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The Irish summer so far this year has been short. Shorter than the Seven Dwarves, wetter than a factory floor in one of those Safety At Work commercials, and surprisingly cold and gusty this past week.

While the strawberries, raspberries, apples and plums have survived spring and are beginning to fruit, who knows what the harvest will be like. At least there’s the good old gooseberries to fall back on.

The Gooseberry Gin Recipe

Making gooseberry gin is quite like making sloe gin. I prefer the dark “dessert” variety that ripen to a red wine colour in late July or August. Believe it or not they have a natural sweet intensity – unlike the usual tarty green unripe things you come across right now – so they’ll need far less sugar.

(The best of these red varieties is called “Whinham’s Industry”, which sounds eminently Victorian and North of England and probably is.)

  1. Use a basic, cheap gin. The gooseberries will do the flavouring work, with the gin acting as a flavour carrier.
  2. Gather up your gooseberries. Don’t fret if a leaf or two sneaks into the mix. And no need to “top and tail” each berry.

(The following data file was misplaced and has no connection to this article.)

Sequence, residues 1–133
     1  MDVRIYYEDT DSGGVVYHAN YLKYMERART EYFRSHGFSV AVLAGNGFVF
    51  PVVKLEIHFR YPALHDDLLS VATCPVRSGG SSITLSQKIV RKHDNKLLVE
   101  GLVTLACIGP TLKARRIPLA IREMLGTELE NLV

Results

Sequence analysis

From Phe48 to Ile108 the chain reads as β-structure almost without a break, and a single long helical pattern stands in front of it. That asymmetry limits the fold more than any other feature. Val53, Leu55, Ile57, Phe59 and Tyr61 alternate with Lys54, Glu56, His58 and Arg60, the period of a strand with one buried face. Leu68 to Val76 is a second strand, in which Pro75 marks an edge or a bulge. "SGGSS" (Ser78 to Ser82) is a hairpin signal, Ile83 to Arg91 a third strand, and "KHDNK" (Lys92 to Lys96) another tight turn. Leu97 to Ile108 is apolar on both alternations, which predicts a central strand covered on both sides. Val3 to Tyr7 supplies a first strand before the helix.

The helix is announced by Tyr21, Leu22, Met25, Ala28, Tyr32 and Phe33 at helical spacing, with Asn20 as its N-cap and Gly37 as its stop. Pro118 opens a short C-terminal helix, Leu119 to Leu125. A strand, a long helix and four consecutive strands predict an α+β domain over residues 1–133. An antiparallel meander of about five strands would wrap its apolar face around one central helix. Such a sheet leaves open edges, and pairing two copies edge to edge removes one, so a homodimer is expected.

3. Put them in the freezer overnight, to begin to break down the fruit and release the sugars and juices.
  4. Thaw the berries. Mush them roughly with a pestle and mortar.
  5. Using a funnel, add the fruit mush to a clean bottle/jar so that the mix is about half way up the container.
  6. Add granulated white sugar to about a quarter of the way up the bottle/jar.
  7. Top it all up with the gin.
  8. Store the bottle away in a cool dark cupboard for four months or more.
  9. For the first fortnight give the bottle a quick shake once a day. It won’t look promising yet – more like a mushy jam or chutney than a delicate drink. Don’t panic. It will soon have a pinky glow and a fruity, slightly earthy fragrance.
  10. Finally, strain it through muslin or a fine sieve and drink. Neat.

See also: my post on making homemade gin for Christmas


The unpromising pink mush at its early stages